Headlines: Port of NY/NJ – truck replacement program; USCG – investigation of Port Arthur marine casualty; CBP – mutual recognition of cargo security measures; NOAA and FWS – loggerhead sea turtle to be proposed as endangered; DOT – report on capital improvement requirements of USMMA; House – hearing on vessel capacity; IMO – Saudi Arabia signs Djibouti Code of Conduct; EMSA – oil spill response exercise in Black Sea; Australia – reports on Pacific Adventurer pollution response; and UK – Light Dues rates revised.
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Port of NY/NJ – truck replacement program
The Environmental Protection Agency (EPA) issued a news release stating that the Port Authority, with funding totaling $28 million provided by the states of New York and New Jersey and by the federal government, is launching a truck replacement program to retire old trucks that service the port with newer, low emission trucks. (3/10/10).
USCG – investigation of Port Arthur marine casualty
The US Coast Guard issued a news release stating that the first day of the formal hearing into the January 23 marine casualty at Port Arthur has concluded. The USCG Vessel Traffic Service (VTS) training director testified concerning the audio recording of the ship-to-ship radio communications. The mast, chief engineer, and pilot of the Eagle Otome testified as to circumstances up to the point of the accident. (3/9/10).
CBP – mutual recognition of cargo security measures
The US Customs and Border Protection (CBP) issued a bulletin explaining its Mutual Recognition program. Mutual recognition with a foreign Customs Administration acknowledges that the two administrations have fundamentally equivalent cargo security systems (i.e., the foreign system is basically the same as the US Customs-Trade Partnership Against Terrorism – C-TPAT). As of January 2010, Mutual Recognition Arrangements have been signed with New Zealand, Canada, Jordan, and Japan. Discussions regarding possible Mutual Recognition Arrangements are currently ongoing with Korea, Singapore, and the European Union. (March 2010). Note: This item was brought to my attention by my friend John Bennett of Maritime Protective Services.
NOAA and FWS – loggerhead sea turtle to be proposed as endangered
The National Oceanic and Atmospheric Administration (NOAA) issued a news release stating that it and the Fish and Wildlife Service (FWS) will soon propose that the North Pacific and Northwest Atlantic populations of the loggerhead sea turtle be designated as endangered under the Endangered Species Act (ESA). (3/10/10).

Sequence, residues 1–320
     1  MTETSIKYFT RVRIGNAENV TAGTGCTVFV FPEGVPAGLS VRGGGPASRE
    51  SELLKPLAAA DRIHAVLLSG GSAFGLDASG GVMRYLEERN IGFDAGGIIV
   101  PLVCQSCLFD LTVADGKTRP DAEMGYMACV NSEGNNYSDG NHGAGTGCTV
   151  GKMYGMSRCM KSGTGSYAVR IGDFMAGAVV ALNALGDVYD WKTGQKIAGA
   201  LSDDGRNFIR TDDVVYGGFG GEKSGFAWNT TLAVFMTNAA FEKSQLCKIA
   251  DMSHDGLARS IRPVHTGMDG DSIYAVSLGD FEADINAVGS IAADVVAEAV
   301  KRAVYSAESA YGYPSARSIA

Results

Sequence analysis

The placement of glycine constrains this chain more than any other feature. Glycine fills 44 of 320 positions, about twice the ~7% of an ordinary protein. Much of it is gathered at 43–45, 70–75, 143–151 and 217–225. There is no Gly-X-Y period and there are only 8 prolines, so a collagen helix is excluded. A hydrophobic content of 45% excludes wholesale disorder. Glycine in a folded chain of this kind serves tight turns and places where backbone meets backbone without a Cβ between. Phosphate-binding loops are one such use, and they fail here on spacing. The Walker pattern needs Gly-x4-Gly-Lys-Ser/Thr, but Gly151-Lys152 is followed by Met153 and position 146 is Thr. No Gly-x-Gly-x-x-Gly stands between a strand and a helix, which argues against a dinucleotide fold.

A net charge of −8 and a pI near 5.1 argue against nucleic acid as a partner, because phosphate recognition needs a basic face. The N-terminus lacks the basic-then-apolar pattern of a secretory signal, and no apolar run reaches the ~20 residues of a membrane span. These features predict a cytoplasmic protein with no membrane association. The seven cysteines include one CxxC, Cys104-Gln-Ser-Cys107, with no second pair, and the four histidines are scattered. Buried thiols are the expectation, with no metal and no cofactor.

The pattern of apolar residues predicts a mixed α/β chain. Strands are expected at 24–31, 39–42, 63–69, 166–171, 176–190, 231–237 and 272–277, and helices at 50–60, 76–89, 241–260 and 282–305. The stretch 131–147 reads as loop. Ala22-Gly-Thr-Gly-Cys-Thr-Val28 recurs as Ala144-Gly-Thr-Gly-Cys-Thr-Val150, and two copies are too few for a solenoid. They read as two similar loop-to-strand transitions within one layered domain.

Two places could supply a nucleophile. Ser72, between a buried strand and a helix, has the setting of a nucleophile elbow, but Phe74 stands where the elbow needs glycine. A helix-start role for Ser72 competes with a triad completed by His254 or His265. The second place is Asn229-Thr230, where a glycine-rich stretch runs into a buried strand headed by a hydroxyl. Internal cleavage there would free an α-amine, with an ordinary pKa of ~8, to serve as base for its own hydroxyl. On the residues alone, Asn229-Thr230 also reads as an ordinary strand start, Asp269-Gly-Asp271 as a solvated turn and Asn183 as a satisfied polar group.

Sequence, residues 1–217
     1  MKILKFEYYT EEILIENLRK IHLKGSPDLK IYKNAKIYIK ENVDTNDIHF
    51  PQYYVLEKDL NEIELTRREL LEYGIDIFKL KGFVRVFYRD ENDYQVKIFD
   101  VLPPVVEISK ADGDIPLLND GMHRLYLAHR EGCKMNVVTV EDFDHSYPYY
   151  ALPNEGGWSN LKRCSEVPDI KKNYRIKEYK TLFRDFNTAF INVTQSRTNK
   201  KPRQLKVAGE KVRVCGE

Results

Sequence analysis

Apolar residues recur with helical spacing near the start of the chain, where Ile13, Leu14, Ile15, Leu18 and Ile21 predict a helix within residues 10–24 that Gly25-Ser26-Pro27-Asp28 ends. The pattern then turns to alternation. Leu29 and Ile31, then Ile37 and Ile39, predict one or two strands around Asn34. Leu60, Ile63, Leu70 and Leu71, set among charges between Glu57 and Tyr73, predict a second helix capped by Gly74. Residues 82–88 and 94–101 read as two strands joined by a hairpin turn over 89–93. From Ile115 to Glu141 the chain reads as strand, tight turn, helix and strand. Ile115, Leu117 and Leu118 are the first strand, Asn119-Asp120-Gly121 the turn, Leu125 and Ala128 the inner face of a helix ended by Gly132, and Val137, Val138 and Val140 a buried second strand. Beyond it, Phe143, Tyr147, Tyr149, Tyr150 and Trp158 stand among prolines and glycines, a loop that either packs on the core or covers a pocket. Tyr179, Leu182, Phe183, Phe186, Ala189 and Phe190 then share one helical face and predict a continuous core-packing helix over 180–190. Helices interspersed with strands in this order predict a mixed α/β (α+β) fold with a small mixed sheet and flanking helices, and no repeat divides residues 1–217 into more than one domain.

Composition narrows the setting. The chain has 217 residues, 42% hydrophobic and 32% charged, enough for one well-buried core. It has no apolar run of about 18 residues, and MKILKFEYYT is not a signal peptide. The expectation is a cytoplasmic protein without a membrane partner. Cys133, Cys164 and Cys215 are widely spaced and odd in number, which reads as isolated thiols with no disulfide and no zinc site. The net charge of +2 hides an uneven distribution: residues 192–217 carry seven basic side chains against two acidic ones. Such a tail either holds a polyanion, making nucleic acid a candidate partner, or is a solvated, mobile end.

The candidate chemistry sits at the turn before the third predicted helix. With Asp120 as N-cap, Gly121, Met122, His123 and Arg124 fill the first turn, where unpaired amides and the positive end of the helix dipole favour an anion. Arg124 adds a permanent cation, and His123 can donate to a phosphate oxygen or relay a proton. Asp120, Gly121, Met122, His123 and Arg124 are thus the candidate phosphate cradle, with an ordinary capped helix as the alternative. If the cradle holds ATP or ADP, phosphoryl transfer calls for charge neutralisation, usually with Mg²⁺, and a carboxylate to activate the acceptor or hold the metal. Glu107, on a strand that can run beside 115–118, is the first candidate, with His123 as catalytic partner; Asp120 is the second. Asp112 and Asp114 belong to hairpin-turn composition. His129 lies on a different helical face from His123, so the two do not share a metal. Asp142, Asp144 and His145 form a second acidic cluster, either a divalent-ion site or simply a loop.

DOT – report on capital improvement requirements of USMMA
The Department of Transportation released the report of the US Merchant Marine Academy Capital Improvement Advisory Panel. The report concludes that current capital, maintenance, and modernization needs far outpace available funding. The report recommends, among other things, that a clear and comprehensive strategic plan be developed to guide capital investment and that recapitalization funding be significantly increased. (3/10/10).
House – hearing on vessel capacity
On March 17, the Subcommittee on Coast Guard and Maritime Transportation of the House Committee on Transportation and Infrastructure will conduct a hearing on the Capacity of Vessels to Meet US Import and Export Requirements. (3/10/10).
IMO – Saudi Arabia signs the Djibouti Code of Conduct
The IMO issued a news release stating that the Kingdom of Saudi Arabia signed the Code of Conduct on the Suppression of Piracy and Armed Robbery against Ships in the Western Indian Ocean and the Gulf of Aden (Djibouti Code of Conduct). To date the Djibouti Code has also been signed by: Comoros, Djibouti, Egypt, Ethiopia, Kenya, Madagascar, Maldives, Seychelles, Somalia, Sudan, Tanzania, and Yemen. (3/10/10).
EMSA – oil spill response exercise in Black Sea
The European Maritime Safety Agency (EMSA) issued a press release stating that it participated in an oil spill response exercise in the Black Sea off the Port of Varna organized by the Bulgarian Maritime Administration. (3/10/10).
Australia – reports on Pacific Adventurer pollution response
The Australian Maritime Safety Authority (AMSA) released the reports of the Incident Analysis Team (IAT) the examined the response to the pollution from the marine casualty involving the container ship Pacific Adventurer off the coast of Queensland on 11 March 2009. The Operational and Technical Issues Report concludes that overall the response to the incident was effective and generally in accordance with the policies and procedures set out in the National Plan to Combat Pollution of the Sea by Oil and Other Noxious and Hazardous Substances. The Strategic Issues Report recommends that legislation be adopted to provide a legal mandate for the national oil spill response plan and immunity to response personnel, as well as better integration of national and state response plans. (February 2010).
UK – Light Dues rates revised
The UK Department for Transport released the statement by Paul Clark MP, Parliamentary Under Secretary of State for Transport, announcing a revision to the planned level of light dues rates from 1 April 2010. Mr. Clark notes that cost reductions instituted by the three General Lighthouse Authorities have allowed the planned increase in light dues rates to be reduced by 2p, so that the light dues rate will stand at 41p per net registered ton as of 1 April 2010. (3/10/10). Note: Light dues had been set at 35p per net registered ton for some years. Effective 1 July 2009, the dues rate was increased to 39p, with a further increase to 43p planned for 1 April 2010. Following strenuous objection from the shipping industry, the upcoming increase has been halved.
If you have questions regarding the above items, please contact the editor:
Dennis L. Bryant
Bryant’s Maritime Consulting
4845 SW 91st Way
Gainesville, FL 32608-8135
© Dennis L. Bryant – March 2010